Blairquhan Castle, Maybole
GM of Blairquhan Castle Nan Li, 36, moved to the UK from China to start her hotel career.
Nan originally had a degree in hospitality management and was working in hotels in England before coming to Strathclyde University for her masters. After graduating in 2006 she got her first job as a sales coordinator in budget hotels in Glasgow and did this for two years before working her way up through various hotels. She joined Blairquhan Castle three years ago in July.
She told Hotel Scotland, “I liked hotel sales and meeting different people and working with different clients and managing accounts.”
But she reckons the standards of hotels in the U.K. still fall behind those in Asia. She comments, “I’ve never worked in China and my education was all in the U.K. but the standards of hotels are very different in this country. Aside from a few prestige hotels, five-star hotels here tend to be converted old buildings, whereas most five star hotels in Asia have been built from scratch at a five-star level.”
Nan claims budding GMs need to passionate about their work.
She said, “I think first off you need to be very interested in the industry. You don’t get good pay to start off with but if you are persistent and set targets you will succeed. Don’t give in and have a vision.
She adds, “If you are good enough it will not matter if you are male or female in this industry. There are quite a few female GMs now and their advantage is that they understand emotion better than men and are often more sympathetic. There are advantages and disadvantages. Maternity leave can still affect your career path so you have to be realistic.”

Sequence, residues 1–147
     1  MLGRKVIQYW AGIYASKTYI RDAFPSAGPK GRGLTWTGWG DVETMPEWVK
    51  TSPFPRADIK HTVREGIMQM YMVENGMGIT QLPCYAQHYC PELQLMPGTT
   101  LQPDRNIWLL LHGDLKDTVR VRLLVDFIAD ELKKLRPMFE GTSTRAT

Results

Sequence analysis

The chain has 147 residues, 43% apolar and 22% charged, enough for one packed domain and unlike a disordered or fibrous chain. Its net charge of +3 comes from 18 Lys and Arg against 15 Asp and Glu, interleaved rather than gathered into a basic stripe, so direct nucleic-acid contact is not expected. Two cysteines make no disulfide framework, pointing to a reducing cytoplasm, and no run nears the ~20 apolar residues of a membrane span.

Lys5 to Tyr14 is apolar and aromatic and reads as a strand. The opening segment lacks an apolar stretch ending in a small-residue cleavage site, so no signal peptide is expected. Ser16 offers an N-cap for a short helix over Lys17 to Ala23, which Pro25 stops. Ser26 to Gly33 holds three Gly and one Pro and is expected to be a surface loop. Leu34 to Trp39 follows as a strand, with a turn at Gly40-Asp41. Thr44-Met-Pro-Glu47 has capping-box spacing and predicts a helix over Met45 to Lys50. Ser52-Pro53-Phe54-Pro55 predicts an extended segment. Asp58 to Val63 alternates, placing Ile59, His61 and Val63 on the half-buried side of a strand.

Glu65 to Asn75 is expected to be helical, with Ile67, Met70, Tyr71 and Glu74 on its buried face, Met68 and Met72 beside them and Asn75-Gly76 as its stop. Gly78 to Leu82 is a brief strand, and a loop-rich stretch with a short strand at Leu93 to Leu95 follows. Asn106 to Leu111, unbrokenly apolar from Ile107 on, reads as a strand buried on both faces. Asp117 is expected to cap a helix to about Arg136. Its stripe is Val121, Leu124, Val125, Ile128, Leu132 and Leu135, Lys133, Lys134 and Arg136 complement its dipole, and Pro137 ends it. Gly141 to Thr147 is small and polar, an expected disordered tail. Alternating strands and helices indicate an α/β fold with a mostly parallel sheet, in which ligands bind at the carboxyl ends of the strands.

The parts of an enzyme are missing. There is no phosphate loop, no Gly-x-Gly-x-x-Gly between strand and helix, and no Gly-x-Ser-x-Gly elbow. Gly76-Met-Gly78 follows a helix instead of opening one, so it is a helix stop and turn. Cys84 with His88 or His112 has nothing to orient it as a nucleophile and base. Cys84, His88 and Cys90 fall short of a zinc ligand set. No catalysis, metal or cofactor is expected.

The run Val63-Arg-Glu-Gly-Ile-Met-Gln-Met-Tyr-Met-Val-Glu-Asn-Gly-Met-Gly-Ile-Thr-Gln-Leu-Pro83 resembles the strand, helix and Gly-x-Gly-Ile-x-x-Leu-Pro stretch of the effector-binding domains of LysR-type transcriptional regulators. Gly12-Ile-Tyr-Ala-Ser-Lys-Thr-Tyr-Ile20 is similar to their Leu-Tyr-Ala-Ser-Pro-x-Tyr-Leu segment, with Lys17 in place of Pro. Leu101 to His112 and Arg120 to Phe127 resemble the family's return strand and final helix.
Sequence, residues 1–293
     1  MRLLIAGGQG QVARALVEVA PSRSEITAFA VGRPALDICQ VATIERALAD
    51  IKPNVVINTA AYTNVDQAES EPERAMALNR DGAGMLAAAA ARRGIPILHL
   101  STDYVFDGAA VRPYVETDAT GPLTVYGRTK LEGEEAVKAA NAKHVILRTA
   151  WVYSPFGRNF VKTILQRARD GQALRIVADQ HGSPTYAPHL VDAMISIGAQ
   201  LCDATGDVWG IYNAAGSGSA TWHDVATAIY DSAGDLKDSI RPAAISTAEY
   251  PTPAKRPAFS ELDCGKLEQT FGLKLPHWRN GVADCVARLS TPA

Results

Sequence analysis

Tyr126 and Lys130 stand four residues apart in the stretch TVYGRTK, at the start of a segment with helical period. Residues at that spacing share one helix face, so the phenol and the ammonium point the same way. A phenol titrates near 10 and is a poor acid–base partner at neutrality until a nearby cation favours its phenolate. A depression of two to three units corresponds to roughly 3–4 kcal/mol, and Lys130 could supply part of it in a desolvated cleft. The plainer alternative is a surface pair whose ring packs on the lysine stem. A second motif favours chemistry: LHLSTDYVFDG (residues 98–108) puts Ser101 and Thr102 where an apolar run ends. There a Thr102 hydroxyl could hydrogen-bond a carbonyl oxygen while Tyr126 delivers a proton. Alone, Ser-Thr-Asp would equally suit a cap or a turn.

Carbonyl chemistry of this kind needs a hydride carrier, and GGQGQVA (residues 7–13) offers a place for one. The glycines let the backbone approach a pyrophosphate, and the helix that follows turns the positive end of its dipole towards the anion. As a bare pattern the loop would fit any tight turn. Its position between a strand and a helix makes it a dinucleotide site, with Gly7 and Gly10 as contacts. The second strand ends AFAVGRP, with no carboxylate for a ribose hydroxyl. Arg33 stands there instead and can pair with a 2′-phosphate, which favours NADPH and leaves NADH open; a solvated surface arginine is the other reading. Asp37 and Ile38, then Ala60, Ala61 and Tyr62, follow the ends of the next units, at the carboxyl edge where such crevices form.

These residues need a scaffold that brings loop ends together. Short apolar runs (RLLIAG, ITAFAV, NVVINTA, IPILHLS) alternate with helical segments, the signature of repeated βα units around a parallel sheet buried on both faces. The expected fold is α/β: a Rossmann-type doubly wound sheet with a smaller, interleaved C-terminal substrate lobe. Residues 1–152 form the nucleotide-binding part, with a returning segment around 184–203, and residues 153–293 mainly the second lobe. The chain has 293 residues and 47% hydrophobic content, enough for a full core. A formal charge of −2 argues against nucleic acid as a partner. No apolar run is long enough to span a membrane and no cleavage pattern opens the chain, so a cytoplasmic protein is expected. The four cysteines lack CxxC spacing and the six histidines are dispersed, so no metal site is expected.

Dalziel Park Hotel, Motherwell
Joanna Spencer, 40 has been GM of Dalziel Park Hotel since 2013 but started in the industry 22 years ago.
Her hotel has 14 boutique rooms, a 9 hole golf course, 3 function suites – which can hold weddings and celebrations up to 320, and a busy bar, brasserie and restaurant.
She said, “I worked in a pub as a student at 18 and have not left the industry since. My first degree was in Pharmaceutics with a postgrad in Hospitality Management – I decided my career was in Hospitality after I decided that pharmaceutics wasn’t particularly exciting. I thought working on the coalface with customers was much more dynamic, and it is.
Joanna loves the fact that every day is different and she enjoys being involved in affecting change and making progress in both value terms and financial terms.
She comments, “There are so many facets to the role that no day is ever the same. There are always different opportunities, successes and challenges. I like to drive my team towards overcoming all of these. The MD walked in last week when the groom forgot his wedding music, and I was downloading songs from Spotify to my phone. She said that’s customer service for you”. It is to me too. It’s an everyday part of my role and I wouldn’t swap it for the world.”